The Regional Impacts of Climate Change

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6.1. Regional Characteristics

The Latin American region spans a vast geographic and ecological range, from the subtropics of the Northern Hemisphere to the subpolar tip of the South American subcontinent; the region's largest portion lies in the tropical zone. The region consists of 20 independent states and the territory of French Guiana (an overseas department of France) (see Box 6-1 and Figure 6-1).


Box 6-1. The Latin America Region
Argentina
Belize
Bolivia
Brazil
Chile
Colombia
Costa Rica
Ecuador
El Salvador
French Guiana
Guatemala
Guyana
Honduras
Mexico
Nicaragua
Panama
Paraguay
Peru
Suriname
Uruguay
Venezuela

 

Figure 6-1: The Latin America region [compiled by the World Bank Environment Department Geographic Information System (GIS) Unit;].


The northern part of the region includes Mexico and the countries of the Central American isthmus, which are characterized by a broken relief of mountain ranges, tablelands or plateaus, shallow depressions, and numerous valleys-including desert (Baja California and Sonora) and semi-arid areas (Mexican highlands and coastal plains). South America is vertebrated by the Andean cordillera, a continuous mountain chain about 9,000 km long. The massive Andes host important glaciers and volcanoes, as well as a number of high plateaus. These high plateaus were the cradle of ancient civilizations and today host the region's largest rural population. This remarkable orographic barrier and the large oceans surrounding the subcontinent greatly influence the region's climate and land-use patterns. The lower eastern slopes of the Andes, together with the Guianas Highlands and the Brazilian Plateau, make up the habitats of the Colombia-Venezuela Llanos and the Amazon rainforest-the most important humid forest of the world.

Major biogeographical areas to the south of the Amazon forest include the woody Cerrado/Cerradinho and Chaco ecosystems and, further south, the Pampean region of Argentina. Extending southward from a latitude of 40°S, the Patagonian tableland-a region of vast steppe-like plains-rises westward from about 100 m on the coastline to about 1,000 m at the base of the Andes, with a surface area of about 670,000 km2. Other important ecosystems in the region are the Yunga valleys in Bolivia and tropical/subtropical forests in Paraguay, Brazil, and Argentina. In recent decades, these forests have been subject to strong anthropogenic pressures to increase agricultural land area. For instance, only 4% of the tropical forest originally covering eastern Paraguay remained in the mid-1950s.

South America also has important coastal and inland wetlands with very high biodiversity; the combined biodiversity of these ecosystems and of Latin America's tropical, subtropical, and temperate ecosystems represents the world's largest genetic pool. Annex D of this report provides the number of known and endemic mammal, bird, and flowering plant species in each of the Latin American countries. The most important freshwater wetlands are those of El Pantanal (Brazil) and Iberá (Argentina). These wetlands are associated with the large international Rio de la Plata basin (embracing about 5.1 million km2), whose main component rivers-Paraguay, Paraná, and Uruguay-have a discharge of 79,400 m3/s. Integration with the Orinoco (70,000 m3/s) and Amazonas (180,000 m3/s) basins makes this area the largest running surface-water system in the world (329,400 m3/s), accounting for approximately 35% of global runoff and covering an area of about 12 million km2. These very important river systems could be adversely affected by climate change and mismanagement of associated ecosystems, particularly further deforestation and, inter alia, deterioration of the buffer capacity of inland wetlands. The importance of the Amazon basin is depicted in Table 6-1. Table 6-2 provides the estimated deforestation rate of each country within this basin.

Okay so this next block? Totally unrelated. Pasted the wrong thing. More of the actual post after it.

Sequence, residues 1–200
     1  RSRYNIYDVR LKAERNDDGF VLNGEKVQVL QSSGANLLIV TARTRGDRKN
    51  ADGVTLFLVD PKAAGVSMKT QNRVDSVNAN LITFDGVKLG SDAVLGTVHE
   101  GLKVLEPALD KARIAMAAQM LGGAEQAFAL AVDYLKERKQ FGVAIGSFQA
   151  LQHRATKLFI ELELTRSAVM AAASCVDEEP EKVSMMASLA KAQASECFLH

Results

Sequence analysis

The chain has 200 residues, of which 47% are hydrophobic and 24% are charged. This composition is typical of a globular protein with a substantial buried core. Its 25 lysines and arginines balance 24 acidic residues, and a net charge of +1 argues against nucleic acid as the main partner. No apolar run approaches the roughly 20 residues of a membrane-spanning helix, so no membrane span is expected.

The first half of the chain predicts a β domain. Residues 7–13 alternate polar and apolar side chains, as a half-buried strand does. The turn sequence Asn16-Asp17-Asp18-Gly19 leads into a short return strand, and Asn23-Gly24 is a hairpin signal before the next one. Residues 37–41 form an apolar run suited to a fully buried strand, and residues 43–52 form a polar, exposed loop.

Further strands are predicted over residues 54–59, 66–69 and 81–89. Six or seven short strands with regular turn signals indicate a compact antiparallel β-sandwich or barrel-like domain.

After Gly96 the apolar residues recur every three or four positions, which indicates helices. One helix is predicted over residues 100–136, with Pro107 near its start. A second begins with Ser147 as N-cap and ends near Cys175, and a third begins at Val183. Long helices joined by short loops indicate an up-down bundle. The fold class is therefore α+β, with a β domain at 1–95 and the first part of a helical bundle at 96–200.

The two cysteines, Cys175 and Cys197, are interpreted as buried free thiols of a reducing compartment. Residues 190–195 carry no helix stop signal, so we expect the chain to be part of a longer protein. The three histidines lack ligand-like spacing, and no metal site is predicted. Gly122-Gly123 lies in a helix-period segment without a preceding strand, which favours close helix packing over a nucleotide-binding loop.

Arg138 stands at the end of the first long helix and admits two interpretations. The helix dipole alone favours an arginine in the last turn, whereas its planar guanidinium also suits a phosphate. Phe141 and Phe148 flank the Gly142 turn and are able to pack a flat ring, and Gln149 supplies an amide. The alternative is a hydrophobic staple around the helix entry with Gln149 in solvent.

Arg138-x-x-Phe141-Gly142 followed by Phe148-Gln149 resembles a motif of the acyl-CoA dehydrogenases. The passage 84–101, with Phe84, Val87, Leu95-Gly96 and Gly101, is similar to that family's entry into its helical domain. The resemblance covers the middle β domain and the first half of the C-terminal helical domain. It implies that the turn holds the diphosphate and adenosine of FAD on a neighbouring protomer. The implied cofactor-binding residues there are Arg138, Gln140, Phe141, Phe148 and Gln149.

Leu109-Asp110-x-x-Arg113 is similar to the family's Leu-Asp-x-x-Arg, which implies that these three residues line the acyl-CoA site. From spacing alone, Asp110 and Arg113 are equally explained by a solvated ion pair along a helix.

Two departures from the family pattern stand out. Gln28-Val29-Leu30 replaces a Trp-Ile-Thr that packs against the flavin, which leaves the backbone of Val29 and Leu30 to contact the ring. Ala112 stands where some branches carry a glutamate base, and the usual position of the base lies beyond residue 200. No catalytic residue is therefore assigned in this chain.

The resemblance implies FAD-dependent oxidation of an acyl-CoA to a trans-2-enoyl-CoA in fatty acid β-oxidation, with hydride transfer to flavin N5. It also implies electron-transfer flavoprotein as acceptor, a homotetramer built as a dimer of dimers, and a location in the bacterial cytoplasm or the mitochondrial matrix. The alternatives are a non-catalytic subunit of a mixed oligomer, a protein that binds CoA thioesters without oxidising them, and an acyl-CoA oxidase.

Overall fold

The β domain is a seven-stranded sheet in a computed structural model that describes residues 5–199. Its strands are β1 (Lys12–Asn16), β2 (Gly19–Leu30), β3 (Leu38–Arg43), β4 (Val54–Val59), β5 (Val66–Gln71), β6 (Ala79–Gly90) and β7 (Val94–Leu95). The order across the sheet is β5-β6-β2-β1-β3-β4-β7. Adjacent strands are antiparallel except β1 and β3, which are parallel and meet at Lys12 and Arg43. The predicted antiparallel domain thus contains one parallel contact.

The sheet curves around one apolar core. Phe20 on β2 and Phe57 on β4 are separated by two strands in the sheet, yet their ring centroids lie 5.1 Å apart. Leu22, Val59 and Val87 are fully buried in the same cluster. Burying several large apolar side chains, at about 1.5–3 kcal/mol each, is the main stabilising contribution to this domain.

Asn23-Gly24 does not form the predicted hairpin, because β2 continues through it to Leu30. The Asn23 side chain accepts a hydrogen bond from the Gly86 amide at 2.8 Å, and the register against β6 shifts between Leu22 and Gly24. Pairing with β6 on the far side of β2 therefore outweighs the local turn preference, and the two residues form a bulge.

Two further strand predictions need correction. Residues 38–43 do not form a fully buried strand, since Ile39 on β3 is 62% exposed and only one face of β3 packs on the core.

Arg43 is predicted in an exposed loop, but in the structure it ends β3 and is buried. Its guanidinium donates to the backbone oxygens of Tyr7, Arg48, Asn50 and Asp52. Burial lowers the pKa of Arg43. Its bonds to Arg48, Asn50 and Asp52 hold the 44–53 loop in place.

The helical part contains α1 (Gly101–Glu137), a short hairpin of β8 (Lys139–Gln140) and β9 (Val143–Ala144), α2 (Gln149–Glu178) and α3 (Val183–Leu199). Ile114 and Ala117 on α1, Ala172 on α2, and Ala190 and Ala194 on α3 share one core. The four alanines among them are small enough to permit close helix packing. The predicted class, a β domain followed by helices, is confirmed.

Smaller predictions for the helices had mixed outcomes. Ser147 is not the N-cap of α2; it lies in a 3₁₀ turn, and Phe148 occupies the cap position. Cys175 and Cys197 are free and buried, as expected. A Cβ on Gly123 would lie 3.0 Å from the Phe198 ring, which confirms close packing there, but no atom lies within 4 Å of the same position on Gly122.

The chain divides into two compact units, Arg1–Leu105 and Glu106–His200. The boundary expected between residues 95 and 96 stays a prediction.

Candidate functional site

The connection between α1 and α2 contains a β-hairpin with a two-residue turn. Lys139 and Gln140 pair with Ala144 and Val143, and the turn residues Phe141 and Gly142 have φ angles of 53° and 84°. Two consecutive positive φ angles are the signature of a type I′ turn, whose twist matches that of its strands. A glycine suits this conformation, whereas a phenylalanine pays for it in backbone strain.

Table 6-1: Amazon watershed area.

Country
Watershed (km2)
% of National Territory
% of Watershed

Bolivia
824,000
75.0
11.2
Brazil
4,982,000
58.5
67.8
Colombia
406,000
36.0
5.5
Ecuador
123,000
45.0
1.7
Guyana
5,870
2.7
0.08
Peru
936,751
74.4
13.0
Venezuela
53,000
5.8
0.7
Total
7,350,621
100.0

Source: Commission on Development and Environment for Amazonia (CDEA), 1982.

 

Table 6-2: Estimated deforestation rates in the tropical rainforest of Amazonian countries, 1981-90.

Country
Remaining Rainforest Area 1990 (Mha)
Rate of Deforestation (Mha/yr)
Total Deforestation 1981-90 (Mha)
Total Deforestation 1981-90 as % of Remaining Forest

Bolivia (1)
49,137
625
6,250
12.7
Brazil
291,597
1,012
10,120
3.5
Colombia
47,455
223
2,230
4.7
Ecuador
7,150
142
1,420
19.9
Guyana
13,337
0.0
0.0
0.0
Peru
40,358
114
1,140
2.8
Venezuela
19,602
147
1,470
7.5
Total
468,816
2,263
22,630
4.8

(1) Bolivia's total forest area and total deforestation rate are given, because FAO (1993) reports that Bolivia has no tropical rainforest zone.

Source: FAO, 1993.


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